Although the concept of coping has a positive connotation, coping can be positive as well as negative. There are positive religious coping methods, which reflect a secure relationship with a transcendent force, a sense of spiritual connectedness with others, and a benevolent world view (e.g., benevolent religious reappraisal, collaborative religious coping, etc.). Whereas, the negative religious coping methods reflect underlying spiritual tensions and struggles within oneself, with others, and with the divine (e.g., Demonic Reappraisal, Reappraisal of God’s powers, etc.). The findings indicated that the use of positive religious coping methods was linked to fewer psychosomatic symptoms and greater spiritual growth after dealing with a stressor. In contrast, negative religious coping was correlated with more signs of psychological distress and symptoms, poorer quality of life and greater callousness toward other people. A measure, The Brief RCOPE [24] mentions following items for Positive and Negative Coping Subscales:

Positive Religious Coping statements:

a. Looked for a stronger connection with God.

b. Sought God’s love and care.

c. Sought help from God in letting go of my anger.

d. Try to put my plans into action together with God.

e. Tried to see how God might be trying to strengthen me in this situation.

f. Asked forgiveness for my sins.

g. Focused on religion to stop worrying about my problems.

Negative Religious Coping statements:

a. Wondered whether God had abandoned me.

b. Felt punished by God for my lack of devotion.

c. Wondered what I did for God to punish me.

d. Questioned God’s love for me.

e. Wondered whether my church had abandoned me.

f. Decided the devil made this happen.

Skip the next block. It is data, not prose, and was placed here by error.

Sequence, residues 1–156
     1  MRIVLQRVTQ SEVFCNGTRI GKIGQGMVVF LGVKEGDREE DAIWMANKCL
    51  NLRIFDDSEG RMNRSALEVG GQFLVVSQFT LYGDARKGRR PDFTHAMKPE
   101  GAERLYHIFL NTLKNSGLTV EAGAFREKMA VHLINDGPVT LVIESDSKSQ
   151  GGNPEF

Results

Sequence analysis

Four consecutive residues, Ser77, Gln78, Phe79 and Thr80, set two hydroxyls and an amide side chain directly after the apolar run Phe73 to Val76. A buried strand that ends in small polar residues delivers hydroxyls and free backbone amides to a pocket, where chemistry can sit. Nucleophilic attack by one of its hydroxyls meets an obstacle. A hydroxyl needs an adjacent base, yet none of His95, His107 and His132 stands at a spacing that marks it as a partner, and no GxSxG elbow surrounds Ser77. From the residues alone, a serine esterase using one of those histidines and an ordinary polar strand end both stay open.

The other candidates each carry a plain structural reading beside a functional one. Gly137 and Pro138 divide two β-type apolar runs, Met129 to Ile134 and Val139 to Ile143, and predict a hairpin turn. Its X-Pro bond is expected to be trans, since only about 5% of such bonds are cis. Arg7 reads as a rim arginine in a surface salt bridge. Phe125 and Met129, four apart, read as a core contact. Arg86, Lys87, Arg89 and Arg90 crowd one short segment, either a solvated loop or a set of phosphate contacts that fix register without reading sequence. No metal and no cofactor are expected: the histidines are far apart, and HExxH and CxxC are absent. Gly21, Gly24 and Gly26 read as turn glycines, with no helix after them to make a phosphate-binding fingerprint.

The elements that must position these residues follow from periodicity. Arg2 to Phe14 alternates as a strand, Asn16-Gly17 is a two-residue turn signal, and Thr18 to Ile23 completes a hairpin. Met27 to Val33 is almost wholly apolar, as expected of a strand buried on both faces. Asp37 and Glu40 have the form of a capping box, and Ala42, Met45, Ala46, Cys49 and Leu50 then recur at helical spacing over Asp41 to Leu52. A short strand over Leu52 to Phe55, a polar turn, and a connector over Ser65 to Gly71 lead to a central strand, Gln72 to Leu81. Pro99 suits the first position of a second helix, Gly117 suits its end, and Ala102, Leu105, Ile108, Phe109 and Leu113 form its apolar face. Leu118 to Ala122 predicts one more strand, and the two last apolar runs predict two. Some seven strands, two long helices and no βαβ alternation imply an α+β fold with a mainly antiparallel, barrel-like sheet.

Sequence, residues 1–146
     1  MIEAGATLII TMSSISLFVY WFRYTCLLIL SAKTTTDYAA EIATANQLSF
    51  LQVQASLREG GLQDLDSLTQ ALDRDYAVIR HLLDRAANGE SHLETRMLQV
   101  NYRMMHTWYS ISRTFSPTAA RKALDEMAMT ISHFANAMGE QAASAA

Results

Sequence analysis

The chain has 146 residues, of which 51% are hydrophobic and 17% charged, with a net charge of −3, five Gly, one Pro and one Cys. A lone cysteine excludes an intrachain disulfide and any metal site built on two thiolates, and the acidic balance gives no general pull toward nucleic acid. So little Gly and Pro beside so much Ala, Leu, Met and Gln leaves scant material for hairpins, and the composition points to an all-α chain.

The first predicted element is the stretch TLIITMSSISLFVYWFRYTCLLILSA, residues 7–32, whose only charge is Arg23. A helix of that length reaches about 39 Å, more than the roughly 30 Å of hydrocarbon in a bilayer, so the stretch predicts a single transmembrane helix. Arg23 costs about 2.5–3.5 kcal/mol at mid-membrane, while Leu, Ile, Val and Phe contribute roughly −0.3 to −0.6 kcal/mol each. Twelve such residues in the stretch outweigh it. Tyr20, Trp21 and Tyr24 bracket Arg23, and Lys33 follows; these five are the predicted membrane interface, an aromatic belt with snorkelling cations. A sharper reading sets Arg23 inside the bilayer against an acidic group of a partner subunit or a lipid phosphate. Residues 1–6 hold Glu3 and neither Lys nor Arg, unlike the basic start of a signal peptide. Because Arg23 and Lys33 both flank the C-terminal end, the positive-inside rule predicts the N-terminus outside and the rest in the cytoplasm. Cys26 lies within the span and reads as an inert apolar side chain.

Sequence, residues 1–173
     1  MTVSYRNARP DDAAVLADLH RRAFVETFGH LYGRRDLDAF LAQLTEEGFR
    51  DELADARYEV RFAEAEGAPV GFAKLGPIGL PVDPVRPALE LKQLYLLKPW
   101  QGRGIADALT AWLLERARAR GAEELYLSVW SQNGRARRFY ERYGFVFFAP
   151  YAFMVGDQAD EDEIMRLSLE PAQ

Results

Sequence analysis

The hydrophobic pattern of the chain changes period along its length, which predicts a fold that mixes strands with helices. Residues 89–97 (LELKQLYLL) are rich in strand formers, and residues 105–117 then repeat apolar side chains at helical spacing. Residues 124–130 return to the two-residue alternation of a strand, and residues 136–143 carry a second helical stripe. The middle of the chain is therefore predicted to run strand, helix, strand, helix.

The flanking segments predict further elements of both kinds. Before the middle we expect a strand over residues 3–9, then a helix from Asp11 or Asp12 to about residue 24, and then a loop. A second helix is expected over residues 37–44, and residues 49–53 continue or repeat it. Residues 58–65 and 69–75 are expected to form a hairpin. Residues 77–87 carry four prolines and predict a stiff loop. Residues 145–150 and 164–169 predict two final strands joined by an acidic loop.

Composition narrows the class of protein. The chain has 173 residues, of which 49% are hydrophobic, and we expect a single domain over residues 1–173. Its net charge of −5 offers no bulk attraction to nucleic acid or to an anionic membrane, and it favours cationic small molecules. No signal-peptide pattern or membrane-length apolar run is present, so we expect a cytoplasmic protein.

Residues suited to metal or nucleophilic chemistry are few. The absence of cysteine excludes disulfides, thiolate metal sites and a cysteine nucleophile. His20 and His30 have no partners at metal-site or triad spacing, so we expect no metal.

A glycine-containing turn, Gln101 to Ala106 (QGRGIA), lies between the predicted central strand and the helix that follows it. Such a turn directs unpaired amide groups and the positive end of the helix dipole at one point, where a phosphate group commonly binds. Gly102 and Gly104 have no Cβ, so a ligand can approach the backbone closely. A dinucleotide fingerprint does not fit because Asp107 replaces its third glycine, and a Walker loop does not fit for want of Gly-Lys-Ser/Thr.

g. Questioned the power of God.

Integration of Religious Coping in Counseling

Empirical studies have demonstrated that many people turn to religion as a resource in their efforts to understand and deal with the most difficult times of their lives. Surveys [25] indicate that 70- 80% use religious or spiritual beliefs and activities to cope with daily difficulties and frustrations. Studies indicate that the outcome of psychotherapy in religious patients can be enhanced by integrating religious elements into the therapy protocol. There was a time when the realm of spirituality and religion was clearly separate from the counseling process. Indeed, many practitioners were hesitant to broach the topic of their clients’ religious or spiritual concerns, lest they be seen as inappropriately mixing counseling with spiritualreligious matters, which were viewed as the domain of the clergy, not of the counselor. Nevertheless, counseling psychologists are expected to consider their clients from a holistic point of view. For this holistic perspective, attention needs to be given to matters of body, mind, and spirit. Hence, with the development of the central importance of the multicultural dimensions in counseling, religion and spirituality have been given increased attention as a requisite for more deeply understanding a client’s cultural background. Currently, awareness of and willingness to explore spiritual and religious matters in the practice of counseling and in counselor education programs is growing. A client’s spiritual journey is now considered part of the multicultural and diversity movement.

Reasons For Integrating Religious Elements Into Counseling

By integrating religious elements, the counselor shows acceptance and respect for the religious client, which in return is likely to increase trust and elevate the therapeutic alliance. Research also clearly demonstrates that religion can be an invaluable factor in the process of instilling and facilitating positive coping, psychological well-being, and resilience in religious clients [3-6]. Encouraging the client to conduct prayers, to engage in religious events, or to increase visits to the place of worship are all examples of religious elements that can be integrated into counseling to drive these processes.

Process of Religious Coping

Maintains Hope

Religion may help patients to enhance emotional adjustment and to maintain hope, purpose and meaning. Patients emphasize that serving a purpose beyond one‘s self can make it possible to live with what might otherwise be unbearable.

Coping Mechanism

For many, religious/spiritual beliefs play a significant role in the ability to cope with adverse events in life. These practices may offer social and emotional support, help people find meaning and purpose in life, provide comfort in times of grief, and provide ethical and moral guidelines that many choose to live their lives by. Religion and Spirituality positively correlate with coping with stress [22].

As an intervention